Rabbi Israel Baal Shem Tov was known to spend many hours engrossed in prayer. The founder of the Chassidic movement would dwell for hours on various sections of the prayer book. Typically, his students would patiently await the completion of his prayers before departing the synagogue. Others in the synagogue found it hard to wait for so long, and would slip out early to head home for a bite to eat, returning later to find the Baal Shem Tov still deep in prayer.
One time, his inner circle felt that they were simply too hungry to wait for the Baal Shem Tov to complete his prayers. They reasoned that if they were to leave for a quick slice of bread and return quickly, they would presumably find the Baal Shem Tov still in the midst of prayers, not even noticing that they had departed.
So that’s what they did. They slipped out silently, ate hastily, and returned to the synagogue. To their astonishment, they found that the Baal Shem Tov had already completed his prayers and he was waiting for their return!
A few students mustered the courage (chutzpah?) to ask their revered teacher why he had not spent the usual amount of time in prayer.
“At the top of a tall tree dwells a gorgeous bird. There is a person with strong and perceptive eyesight who notices this bird, and he desires to take it. The problem is that he has no ladder, and thus no way to reach the pinnacle of this tall tree.
“What did this person do? He requested that those around him stand on each other’s shoulders and construct a human ladder. Despite the fact that none of these people were able to even see the bird at the top of the tree, they agreed to help the person who possessed particularly sharp vision. In the merit of these people who built a human ladder, the one person who was able to see the bird was able to reach the top of the tree and grasp the bird.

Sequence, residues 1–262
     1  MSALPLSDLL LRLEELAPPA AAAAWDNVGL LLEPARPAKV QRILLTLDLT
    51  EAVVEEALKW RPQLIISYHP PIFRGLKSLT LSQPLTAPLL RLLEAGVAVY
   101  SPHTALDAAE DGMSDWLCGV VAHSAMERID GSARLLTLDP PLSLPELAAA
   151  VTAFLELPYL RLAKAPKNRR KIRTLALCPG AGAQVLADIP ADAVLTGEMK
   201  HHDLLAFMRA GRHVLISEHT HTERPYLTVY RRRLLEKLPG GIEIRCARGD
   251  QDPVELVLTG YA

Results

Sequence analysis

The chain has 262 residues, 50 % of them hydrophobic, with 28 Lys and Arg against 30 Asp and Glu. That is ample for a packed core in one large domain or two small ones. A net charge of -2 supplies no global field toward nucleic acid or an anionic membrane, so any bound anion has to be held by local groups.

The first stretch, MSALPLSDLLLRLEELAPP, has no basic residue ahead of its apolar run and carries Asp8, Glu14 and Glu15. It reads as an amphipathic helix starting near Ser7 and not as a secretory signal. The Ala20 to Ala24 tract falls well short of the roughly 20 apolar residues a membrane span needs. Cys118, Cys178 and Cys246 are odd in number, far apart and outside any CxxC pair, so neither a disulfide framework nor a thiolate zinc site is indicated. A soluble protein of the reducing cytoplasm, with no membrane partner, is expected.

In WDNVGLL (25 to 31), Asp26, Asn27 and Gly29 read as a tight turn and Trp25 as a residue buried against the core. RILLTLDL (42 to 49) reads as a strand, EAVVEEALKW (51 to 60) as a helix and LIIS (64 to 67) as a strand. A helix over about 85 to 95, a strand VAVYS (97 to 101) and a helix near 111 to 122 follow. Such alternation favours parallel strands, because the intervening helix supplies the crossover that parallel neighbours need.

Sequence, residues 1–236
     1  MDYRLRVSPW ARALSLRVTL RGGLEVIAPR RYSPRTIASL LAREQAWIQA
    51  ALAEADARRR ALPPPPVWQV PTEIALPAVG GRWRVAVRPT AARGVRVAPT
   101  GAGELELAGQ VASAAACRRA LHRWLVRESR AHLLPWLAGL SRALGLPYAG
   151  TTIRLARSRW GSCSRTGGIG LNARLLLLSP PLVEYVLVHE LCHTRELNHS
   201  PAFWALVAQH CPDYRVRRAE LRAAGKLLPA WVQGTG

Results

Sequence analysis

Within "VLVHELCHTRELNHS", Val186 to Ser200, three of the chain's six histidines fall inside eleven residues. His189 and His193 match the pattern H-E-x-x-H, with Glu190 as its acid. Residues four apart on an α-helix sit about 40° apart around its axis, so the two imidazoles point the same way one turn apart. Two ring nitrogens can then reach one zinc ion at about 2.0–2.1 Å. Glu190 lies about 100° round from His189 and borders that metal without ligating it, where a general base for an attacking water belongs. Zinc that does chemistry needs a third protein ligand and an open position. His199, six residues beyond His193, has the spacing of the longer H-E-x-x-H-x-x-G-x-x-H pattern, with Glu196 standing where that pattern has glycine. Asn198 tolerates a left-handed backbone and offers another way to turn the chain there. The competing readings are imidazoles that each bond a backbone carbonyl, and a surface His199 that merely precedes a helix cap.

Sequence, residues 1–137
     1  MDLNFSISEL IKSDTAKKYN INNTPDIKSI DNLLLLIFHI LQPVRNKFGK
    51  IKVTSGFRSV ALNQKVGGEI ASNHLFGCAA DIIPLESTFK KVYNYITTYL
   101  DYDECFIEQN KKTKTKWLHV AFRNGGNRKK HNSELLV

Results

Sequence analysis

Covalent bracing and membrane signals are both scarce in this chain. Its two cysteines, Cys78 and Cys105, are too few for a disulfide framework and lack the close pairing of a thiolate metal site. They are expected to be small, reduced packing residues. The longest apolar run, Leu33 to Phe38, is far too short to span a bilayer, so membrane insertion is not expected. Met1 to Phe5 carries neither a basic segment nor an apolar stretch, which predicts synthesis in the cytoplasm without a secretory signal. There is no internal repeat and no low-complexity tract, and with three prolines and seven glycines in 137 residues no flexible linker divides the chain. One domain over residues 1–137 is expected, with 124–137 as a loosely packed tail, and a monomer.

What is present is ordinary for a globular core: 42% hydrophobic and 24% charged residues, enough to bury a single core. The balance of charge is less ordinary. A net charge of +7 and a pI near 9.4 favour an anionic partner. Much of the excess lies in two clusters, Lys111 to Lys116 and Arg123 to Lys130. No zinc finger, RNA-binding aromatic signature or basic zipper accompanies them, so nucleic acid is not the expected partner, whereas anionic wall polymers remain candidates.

“Imagine,” continued the Baal Shem Tov, “what would happen if the person standing at the bottom of the ‘ladder’ suddenly decided to leave. Everyone would surely fall, and the person with the keen vision would not only not reach the bird, but he would likely be injured from the fall from such a great height.
“So too with me. When I stand at the zenith of prayer, that which is hidden becomes revealed to me. I yearn to ascend to the chamber of Mashiach, which is referred to in the works of the Kabbalah as the ‘Chamber of the Bird’s Nest.’ This Chamber is a very lofty place, indeed, and I cannot get there without your help.
“When you remain in prayer in the synagogue — without any knowledge of what is taking place in the supernal worlds — I am able to place each of you on the other’s shoulders, so to speak, and with your assistance, I reach the chamber of Mashiach.
“Today, when you departed, I immediately fell from my lofty spiritual heights. Since I no longer had reason to continue with my lengthy prayers, I concluded them.”
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This week’s Torah portion, Beha’alotcha (Numbers 8:1-12:16), begins with the commandment for Aaron the Kohen (High Priest) to kindle the Menorah. Yet the Hebrew word Beha’alotcha does not literally mean kindle, nor does it mean to light, to ignite, or to fire up. Rather, the word may be more literally translated as “to lift up.”
Why doesn’t the Torah use a word more directly related to ingniting the lamps of the Menorah?
King Solomon wrote that “the soul of man is a lamp of G-d.” The lamps of the Menorah can be viewed as an allusion to the human soul. The kindling of the lamps of the Menorah represents lifting up the soul of another person.
Friends, life presents us with a twofold task: To lift ourselves up, and to lift others up. And these two things work in tandem. When we lift ourselves up, we are able to lift up others; and when we lift others up, this will, in turn, elevate ourselves.